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THIS WEEK IN ARMENIAN HISTORY
(Prepared by the Armenian National Education Committee)

[ANEC]


THE ISTANBUL POGROM
(September 6-7, 1955)

 

Nazi Germany had its state-sponsored Kristallnacht (“Crystal Night”) against its Jewish citizens in 1938, and the Turkish government repeated the feat against its Greek, Armenian, and Jewish citizens less than two decades later, on September 6-7, 1955. The riots were orchestrated by an array of Turkish security organizations, both official and clandestine, with the active participation of extreme nationalist groups shepherded by the governing Democratic Party (1950-1960) and government-controlled trade unions.

The process of Turkification that started at the turn of the twentieth century had entered the economic field after genocide and ethnic cleansing had been executed in 1915-1922, during the last years of the Ottoman Empire. The forcible population exchange between Turkey and Greece (1924) exempted the Greek population of Istanbul. In the Republican period, discriminatory policies against non-Muslim citizens included laws excluding non-Muslims from certain professions, campaigns to impose the Turkish language, the anti-Jewish pogrom in Eastern Thrace (1934), the Wealth Tax of 1942, and the recruitment of army work battalions during World War II. In a report on minorities, the Republican People’s Party (which ruled from 1923-1950) stated in 1946 that its goal was to leave no Greek in Istanbul by the 500th anniversary of its conquest (1953).‎

Turkish-Greek relations soured after 1953, when Greek Cypriots began their armed struggle for Enosis, the annexation of Cyprus—under British mandate—by Greece. Greece appealed to the United Nations to demand self-determination for Cyprus in 1954, while Great Britain wanted to solve the dispute without taking it to the U.N. Security Council, and leaned on Turkey to counter Greek claims.

An anti-Greek propaganda campaign started in 1955, with the main Turkish newspapers agitating public opinion along nationalist organizations. The British convened a tripartite conference in London with Turkey and Greece (August 29-September 6, 1955), which fell apart when news broke of the bombing of the Turkish consulate in Salonica (Greece), adjacent to the house where Mustafa Kemal Atatürk was born.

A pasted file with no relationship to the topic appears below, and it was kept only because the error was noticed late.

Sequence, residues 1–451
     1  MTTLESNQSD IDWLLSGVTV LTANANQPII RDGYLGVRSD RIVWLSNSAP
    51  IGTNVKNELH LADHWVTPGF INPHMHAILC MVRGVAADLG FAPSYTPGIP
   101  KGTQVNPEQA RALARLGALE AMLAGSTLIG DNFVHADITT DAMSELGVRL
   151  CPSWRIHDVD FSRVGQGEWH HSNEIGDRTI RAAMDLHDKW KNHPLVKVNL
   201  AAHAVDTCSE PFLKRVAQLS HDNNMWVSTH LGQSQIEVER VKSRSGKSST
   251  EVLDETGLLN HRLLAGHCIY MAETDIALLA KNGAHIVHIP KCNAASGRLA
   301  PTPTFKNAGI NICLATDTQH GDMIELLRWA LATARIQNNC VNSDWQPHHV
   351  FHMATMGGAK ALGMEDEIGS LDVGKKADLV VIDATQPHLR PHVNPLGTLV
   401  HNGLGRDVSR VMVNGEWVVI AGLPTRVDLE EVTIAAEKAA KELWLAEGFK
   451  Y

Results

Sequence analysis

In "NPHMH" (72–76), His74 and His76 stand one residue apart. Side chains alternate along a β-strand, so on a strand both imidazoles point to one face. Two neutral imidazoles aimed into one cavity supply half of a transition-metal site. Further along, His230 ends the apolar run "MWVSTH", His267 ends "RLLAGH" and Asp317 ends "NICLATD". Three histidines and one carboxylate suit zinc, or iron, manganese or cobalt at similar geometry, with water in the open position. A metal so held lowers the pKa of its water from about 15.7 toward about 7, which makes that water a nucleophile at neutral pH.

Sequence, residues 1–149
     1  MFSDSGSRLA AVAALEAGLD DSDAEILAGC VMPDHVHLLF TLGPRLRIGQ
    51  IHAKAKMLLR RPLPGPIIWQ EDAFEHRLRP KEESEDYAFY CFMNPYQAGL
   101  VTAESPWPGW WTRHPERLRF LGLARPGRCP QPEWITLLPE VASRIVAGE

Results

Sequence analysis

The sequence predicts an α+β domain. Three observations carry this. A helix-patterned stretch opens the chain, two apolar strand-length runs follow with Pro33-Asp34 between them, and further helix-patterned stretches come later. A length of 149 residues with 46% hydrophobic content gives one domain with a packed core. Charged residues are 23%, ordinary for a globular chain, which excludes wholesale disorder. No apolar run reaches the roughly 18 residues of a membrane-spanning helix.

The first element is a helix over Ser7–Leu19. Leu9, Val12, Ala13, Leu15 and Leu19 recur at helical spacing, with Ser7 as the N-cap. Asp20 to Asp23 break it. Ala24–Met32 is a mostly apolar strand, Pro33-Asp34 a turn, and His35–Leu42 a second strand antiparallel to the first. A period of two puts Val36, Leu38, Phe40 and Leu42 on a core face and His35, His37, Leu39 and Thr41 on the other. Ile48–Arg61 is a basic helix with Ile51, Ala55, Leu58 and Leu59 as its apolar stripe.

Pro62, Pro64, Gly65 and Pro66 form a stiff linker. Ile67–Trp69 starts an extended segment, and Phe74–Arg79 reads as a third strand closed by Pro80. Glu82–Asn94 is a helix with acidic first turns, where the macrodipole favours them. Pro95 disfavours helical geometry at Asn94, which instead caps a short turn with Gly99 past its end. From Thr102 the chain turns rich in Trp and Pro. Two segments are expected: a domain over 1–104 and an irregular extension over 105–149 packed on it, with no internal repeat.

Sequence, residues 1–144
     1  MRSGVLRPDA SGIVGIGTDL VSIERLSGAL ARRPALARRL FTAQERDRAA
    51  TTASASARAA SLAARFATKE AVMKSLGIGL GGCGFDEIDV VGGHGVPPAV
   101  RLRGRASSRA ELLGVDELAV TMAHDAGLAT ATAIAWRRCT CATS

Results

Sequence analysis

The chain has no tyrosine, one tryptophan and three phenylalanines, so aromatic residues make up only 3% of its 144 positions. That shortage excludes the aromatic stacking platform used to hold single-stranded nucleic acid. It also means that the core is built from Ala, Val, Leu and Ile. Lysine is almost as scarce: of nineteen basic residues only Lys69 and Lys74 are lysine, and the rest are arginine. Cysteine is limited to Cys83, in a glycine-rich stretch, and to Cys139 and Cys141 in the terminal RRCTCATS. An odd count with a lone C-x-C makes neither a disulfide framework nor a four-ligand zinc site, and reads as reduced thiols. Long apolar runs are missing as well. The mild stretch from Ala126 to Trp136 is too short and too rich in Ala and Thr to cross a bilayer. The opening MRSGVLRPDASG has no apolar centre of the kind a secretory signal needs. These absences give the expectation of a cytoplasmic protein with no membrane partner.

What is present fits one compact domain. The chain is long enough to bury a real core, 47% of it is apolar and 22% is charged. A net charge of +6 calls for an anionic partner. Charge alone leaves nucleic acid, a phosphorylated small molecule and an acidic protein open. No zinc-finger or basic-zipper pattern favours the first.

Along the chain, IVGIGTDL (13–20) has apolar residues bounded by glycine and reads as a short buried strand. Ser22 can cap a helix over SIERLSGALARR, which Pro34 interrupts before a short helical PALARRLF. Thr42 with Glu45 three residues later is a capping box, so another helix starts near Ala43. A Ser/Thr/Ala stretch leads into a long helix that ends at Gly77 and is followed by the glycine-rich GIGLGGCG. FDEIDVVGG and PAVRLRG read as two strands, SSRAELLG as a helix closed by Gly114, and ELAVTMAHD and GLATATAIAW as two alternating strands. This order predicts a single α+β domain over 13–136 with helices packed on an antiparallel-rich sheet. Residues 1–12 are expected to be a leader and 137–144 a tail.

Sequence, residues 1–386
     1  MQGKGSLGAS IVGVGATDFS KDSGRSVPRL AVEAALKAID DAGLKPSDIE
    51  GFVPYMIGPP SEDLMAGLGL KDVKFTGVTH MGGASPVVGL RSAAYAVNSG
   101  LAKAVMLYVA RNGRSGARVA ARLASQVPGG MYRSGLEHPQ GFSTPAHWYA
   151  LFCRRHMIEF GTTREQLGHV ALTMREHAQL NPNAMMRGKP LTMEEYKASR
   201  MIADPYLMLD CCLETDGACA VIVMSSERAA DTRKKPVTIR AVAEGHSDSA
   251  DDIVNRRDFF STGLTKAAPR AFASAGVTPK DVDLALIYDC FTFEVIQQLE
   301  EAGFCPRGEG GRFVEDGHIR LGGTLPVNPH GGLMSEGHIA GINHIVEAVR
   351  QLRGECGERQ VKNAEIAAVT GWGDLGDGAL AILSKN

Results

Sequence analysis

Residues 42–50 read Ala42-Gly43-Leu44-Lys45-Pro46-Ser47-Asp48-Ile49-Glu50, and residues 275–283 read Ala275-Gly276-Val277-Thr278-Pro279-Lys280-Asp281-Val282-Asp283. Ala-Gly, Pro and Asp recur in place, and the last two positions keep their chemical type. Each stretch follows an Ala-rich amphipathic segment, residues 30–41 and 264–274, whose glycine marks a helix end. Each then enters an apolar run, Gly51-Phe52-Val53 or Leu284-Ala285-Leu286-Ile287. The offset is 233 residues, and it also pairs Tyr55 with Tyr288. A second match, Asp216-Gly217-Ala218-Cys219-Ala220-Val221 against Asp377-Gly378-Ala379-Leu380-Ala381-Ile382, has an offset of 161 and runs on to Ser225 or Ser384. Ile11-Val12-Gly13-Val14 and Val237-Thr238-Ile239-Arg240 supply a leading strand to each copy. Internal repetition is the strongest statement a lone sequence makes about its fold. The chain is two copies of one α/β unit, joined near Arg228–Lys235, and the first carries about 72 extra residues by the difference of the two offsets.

The bombing was organized by the Turkish consulate with the ‎knowledge of the Turkish Foreign Affairs Ministry.‎ Oktay Engin, a university student in Salonica, carried out the explosion. He was arrested on September 18, but after his alibi the initial charge of executing the attack was dropped to incitement. After spending nine months in detention, he escaped to Turkey in September 1956, before the Greek courts sentenced him to three and a half years in prison. He would be later promoted by the Turkish Interior Ministry.‎

News reports of the bombing were first announced by radio in Istanbul in the early afternoon of September 6, and the daily İstanbul Ekspres, associated with the Democratic Party and the National Security Service, repeated them in print. The insinuations that the Greeks were behind the bombing became the trigger for a protest rally on the night of September 6 as cover to gather the rioters, most of who had been trucked into Istanbul in advance. The homes and workplaces of Greeks and other non-Muslim communities had been identified beforehand. Owners of Turkish shops had been told the day before to put Turkish flags on their windows; the shops without flags were destroyed or damaged. According to witnesses, the mob was furnished with a list of ‎addresses. ‎